A Big, Big Wave
A tsunami (pronounced 'soo-nah-mee') is a series of waves of extremely long wave length and long period generated in a body of water by an impulsive disturbance that vertically displaces the water. The term tsunami was adopted for general use in 1963 by an international scientific conference. Tsunami is a Japanese word represented by two characters: 'tsu' and 'nami.' The character 'tsu' means harbor, and the character 'nami' means wave. In the past, tsunamis were often referred to as 'tidal waves.' The term 'tidal wave' is a misnomer. Tides are the result of gravitational influences of the moon, sun, and planets. Tsunamis are not caused by the tides and are unrelated to the tides; although a tsunami striking a coastal area is influenced by the tide level at the time of impact.
There are many causes of tsunamis but the most prevalent is earthquakes. In addition, landslides, volcanic eruptions, explosions, and even the impact of cosmic bodies, such as meteorites, can generate tsunamis. Tsunamis can be generated when the sea floor abruptly shifts and vertically displaces the overlying water from its equilibrium position. Waves are formed as the displaced water mass attempts to regain its equilibrium. The main factor which determines the initial size of a tsunami is the amount of vertical sea floor deformation. Not all earthquakes generate tsunamis. To generate tsunamis, earthquakes must occur underneath or near the ocean, be large and create movements in the sea floor. All oceanic regions of the world can experience tsunamis, but in the Pacific Ocean there is a much more frequent occurrence of large, destructive tsunamis because of the many large earthquakes along the margins of the Pacific Ocean.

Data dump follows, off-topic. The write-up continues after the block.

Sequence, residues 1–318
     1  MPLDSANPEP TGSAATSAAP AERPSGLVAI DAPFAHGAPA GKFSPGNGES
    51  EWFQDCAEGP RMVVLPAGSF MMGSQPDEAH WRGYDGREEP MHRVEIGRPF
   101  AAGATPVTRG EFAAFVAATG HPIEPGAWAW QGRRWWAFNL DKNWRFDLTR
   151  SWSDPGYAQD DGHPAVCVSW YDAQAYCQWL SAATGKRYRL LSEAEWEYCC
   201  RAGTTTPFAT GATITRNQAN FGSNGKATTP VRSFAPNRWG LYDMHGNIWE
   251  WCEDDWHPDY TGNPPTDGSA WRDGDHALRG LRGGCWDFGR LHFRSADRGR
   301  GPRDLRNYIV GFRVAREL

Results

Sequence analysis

Any disturbance that displaces a large water mass from its equilibrium position can generate a tsunami. Generally tsunamis caused by landslides or volcanic eruptions dissipate more quickly than Pacific-wide tsunamis caused by some earthquakes and rarely affect coastlines distant from the source. Tsunami waves are shallow-water waves with long periods and wave lengths. Shallow water waves are different from wind-generated waves (the waves many of us have observed on the beach). Tsunamis can savagely attack coastlines, causing devastating property damage and loss of life. Since science cannot predict when earthquakes will occur, they cannot determine exactly when a tsunami will be generated. But with the aid of historical records of tsunamis and numerical models, scientists can get an idea where tsunamis are most likely to be generated.
NOAA National Oceanic and Atmospheric Administration